Hong Kong’s stock exchange is eyeing new ways to link mainland China with global markets, including in the sensitive area of letting investors bet against the country’s shares and indexes.
Hong Kong Exchanges & Clearing Ltd. said on Thursday it wants to expand the Stock Connect program. This trading link allows foreign investors with accounts in Hong Kong to buy and sell stocks in Shanghai and Shenzhen. It also allows Chinese investors on the mainland to trade Hong Kong-listed stocks.
The $43 billion group said in the next three years it wanted to broaden Stock Connect to include exchange-traded funds, listed bonds, and shares in newly listed companies.
It also wants to introduce short selling, or the ability to bet against stocks by borrowing and reselling shares, to both legs of the program. Subject to regulatory approval, it is also aiming to launch futures products tied to A-shares, as mainland stocks are known, as soon as 2019.
Short selling is a thorny topic in China. Authorities cracked down on the practice during a market rout in 2015 and it remains both expensive and restricted to a small portion of the market.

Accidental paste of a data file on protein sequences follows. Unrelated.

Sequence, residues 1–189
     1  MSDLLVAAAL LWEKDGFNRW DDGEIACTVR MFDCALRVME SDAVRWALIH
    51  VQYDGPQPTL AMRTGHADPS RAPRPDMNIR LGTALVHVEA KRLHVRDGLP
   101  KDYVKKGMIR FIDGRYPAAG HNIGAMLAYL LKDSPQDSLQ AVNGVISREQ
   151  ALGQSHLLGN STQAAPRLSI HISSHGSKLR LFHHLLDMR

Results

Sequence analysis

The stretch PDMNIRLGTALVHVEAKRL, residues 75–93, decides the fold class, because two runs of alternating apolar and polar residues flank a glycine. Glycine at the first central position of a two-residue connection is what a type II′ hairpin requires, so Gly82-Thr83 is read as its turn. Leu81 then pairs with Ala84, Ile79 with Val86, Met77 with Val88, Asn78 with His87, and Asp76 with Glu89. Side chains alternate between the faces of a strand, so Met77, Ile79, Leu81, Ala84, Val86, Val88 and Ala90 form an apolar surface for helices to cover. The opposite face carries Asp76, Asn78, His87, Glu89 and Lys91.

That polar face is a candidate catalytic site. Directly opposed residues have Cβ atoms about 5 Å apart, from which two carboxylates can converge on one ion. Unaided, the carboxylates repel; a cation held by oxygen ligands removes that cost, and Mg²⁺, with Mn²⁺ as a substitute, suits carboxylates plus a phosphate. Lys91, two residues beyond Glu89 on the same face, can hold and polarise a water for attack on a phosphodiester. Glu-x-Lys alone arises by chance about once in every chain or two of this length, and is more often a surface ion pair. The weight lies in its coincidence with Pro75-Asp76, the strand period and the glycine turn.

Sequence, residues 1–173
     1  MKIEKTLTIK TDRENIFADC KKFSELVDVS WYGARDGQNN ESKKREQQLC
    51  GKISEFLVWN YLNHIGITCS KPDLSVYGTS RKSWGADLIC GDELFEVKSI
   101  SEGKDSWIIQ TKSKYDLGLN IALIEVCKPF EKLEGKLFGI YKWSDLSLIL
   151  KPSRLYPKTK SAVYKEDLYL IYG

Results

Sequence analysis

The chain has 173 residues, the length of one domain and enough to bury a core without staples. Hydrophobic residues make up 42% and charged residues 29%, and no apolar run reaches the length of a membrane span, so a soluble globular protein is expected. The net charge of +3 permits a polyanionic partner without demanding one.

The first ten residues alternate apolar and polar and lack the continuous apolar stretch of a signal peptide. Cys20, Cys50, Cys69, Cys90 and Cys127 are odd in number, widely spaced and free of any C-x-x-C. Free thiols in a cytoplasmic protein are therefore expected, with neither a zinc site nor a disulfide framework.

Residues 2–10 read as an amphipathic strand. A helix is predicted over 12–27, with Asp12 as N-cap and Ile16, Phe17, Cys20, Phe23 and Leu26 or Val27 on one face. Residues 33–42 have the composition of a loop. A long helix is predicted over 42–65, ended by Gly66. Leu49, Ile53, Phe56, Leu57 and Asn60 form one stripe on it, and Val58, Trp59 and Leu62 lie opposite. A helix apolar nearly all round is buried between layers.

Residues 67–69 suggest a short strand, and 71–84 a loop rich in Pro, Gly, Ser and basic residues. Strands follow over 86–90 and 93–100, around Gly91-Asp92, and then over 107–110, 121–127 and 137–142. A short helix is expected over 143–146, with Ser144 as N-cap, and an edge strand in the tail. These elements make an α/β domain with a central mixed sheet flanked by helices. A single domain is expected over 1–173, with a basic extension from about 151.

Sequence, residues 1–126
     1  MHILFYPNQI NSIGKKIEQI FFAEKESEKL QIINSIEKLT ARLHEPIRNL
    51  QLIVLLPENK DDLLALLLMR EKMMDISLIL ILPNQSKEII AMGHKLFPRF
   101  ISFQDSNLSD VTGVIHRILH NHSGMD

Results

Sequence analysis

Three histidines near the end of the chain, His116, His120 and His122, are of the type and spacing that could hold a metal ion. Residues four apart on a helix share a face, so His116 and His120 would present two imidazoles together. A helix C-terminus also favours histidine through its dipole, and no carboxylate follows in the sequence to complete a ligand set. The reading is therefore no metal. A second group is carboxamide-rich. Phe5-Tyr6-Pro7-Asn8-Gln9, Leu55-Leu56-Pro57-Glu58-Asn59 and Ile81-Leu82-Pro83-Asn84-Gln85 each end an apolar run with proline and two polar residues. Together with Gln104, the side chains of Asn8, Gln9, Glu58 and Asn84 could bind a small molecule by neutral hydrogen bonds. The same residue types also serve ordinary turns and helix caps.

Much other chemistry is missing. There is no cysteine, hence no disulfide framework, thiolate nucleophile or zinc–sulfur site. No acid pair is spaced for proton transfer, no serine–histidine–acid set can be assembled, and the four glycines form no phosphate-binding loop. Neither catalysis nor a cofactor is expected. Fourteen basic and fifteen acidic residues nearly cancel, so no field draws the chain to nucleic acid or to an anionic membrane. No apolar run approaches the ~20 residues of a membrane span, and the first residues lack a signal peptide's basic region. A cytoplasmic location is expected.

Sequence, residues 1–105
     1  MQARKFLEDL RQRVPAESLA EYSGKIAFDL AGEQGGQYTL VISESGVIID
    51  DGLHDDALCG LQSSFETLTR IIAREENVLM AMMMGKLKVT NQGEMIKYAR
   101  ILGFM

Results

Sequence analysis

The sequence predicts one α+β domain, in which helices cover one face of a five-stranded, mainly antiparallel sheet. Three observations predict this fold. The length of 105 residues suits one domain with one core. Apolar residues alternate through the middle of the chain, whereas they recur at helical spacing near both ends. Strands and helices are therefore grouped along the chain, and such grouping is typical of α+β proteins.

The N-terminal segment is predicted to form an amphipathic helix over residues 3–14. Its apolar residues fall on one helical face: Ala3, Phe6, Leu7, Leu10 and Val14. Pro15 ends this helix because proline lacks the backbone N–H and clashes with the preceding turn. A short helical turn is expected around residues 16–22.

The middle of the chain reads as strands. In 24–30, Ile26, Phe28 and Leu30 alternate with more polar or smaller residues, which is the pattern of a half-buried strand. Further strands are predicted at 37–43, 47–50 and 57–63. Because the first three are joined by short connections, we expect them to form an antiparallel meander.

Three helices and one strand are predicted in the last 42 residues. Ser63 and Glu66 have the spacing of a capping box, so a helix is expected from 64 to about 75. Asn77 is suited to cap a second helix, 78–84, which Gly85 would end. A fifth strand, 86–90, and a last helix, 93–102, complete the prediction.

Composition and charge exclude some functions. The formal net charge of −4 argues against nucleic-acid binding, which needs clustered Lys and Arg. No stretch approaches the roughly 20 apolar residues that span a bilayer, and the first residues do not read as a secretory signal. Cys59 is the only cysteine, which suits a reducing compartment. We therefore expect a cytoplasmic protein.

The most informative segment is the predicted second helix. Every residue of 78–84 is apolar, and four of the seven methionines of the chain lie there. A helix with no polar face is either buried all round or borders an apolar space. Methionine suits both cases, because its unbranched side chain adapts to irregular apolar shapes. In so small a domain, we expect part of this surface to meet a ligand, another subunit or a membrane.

However, proponents of short selling argue it helps markets price stocks more efficiently, by giving skeptical investors a way to act on their views. Licensing restrictions on A-share indexes mean that international investors are also limited in their ability to use futures and options to hedge their risks, or simply bet on the markets without buying underlying shares.
Index provider MSCI Inc. is due on Thursday afternoon New York time to announce if it will increase the presence of mainland shares in some influential benchmarks. In a recent investor consultation, it flagged shorting and hedging issues as two “accessibility constraints.”
The exchange’s goals are part of a broader three-year strategic plan, which also aims to lure more global and regional companies to list in the city. On Wednesday, it reported a record annual net profit, after reclaiming the world’s top spot for initial public offerings in 2018.
Last April, the Hong Kong exchange revamped its listing rules to allow listings by companies such as Xiaomi Corp. and Meituan Dianping, which have unequal voting rights, as well as by unprofitable biotechnology companies. Chief Executive Charles Li said the group was working with counterparts in Shanghai and Shenzhen on letting mainlanders invest in Xiaomi and Meituan—something they cannot do at present because of the supervoting rights.
Write to Joanne Chiu at [email protected]
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